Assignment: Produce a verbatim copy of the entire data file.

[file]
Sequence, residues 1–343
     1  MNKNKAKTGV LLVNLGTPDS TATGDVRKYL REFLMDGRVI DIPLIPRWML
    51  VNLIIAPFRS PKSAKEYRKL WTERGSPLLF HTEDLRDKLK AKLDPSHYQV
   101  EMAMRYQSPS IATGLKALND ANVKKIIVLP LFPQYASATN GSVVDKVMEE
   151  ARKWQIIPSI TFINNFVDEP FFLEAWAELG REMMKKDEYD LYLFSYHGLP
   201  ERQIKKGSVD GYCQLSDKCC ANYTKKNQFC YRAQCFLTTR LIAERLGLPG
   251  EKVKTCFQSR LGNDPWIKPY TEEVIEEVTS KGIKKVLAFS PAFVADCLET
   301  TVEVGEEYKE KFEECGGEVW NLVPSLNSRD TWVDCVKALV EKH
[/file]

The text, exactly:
Sequence, residues 1–343
     1  MNKNKAKTGV LLVNLGTPDS TATGDVRKYL REFLMDGRVI DIPLIPRWML
    51  VNLIIAPFRS PKSAKEYRKL WTERGSPLLF HTEDLRDKLK AKLDPSHYQV
   101  EMAMRYQSPS IATGLKALND ANVKKIIVLP LFPQYASATN GSVVDKVMEE
   151  ARKWQIIPSI TFINNFVDEP FFLEAWAELG REMMKKDEYD LYLFSYHGLP
   201  ERQIKKGSVD GYCQLSDKCC ANYTKKNQFC YRAQCFLTTR LIAERLGLPG
   251  EKVKTCFQSR LGNDPWIKPY TEEVIEEVTS KGIKKVLAFS PAFVADCLET
   301  TVEVGEEYKE KFEECGGEVW NLVPSLNSRD TWVDCVKALV EKH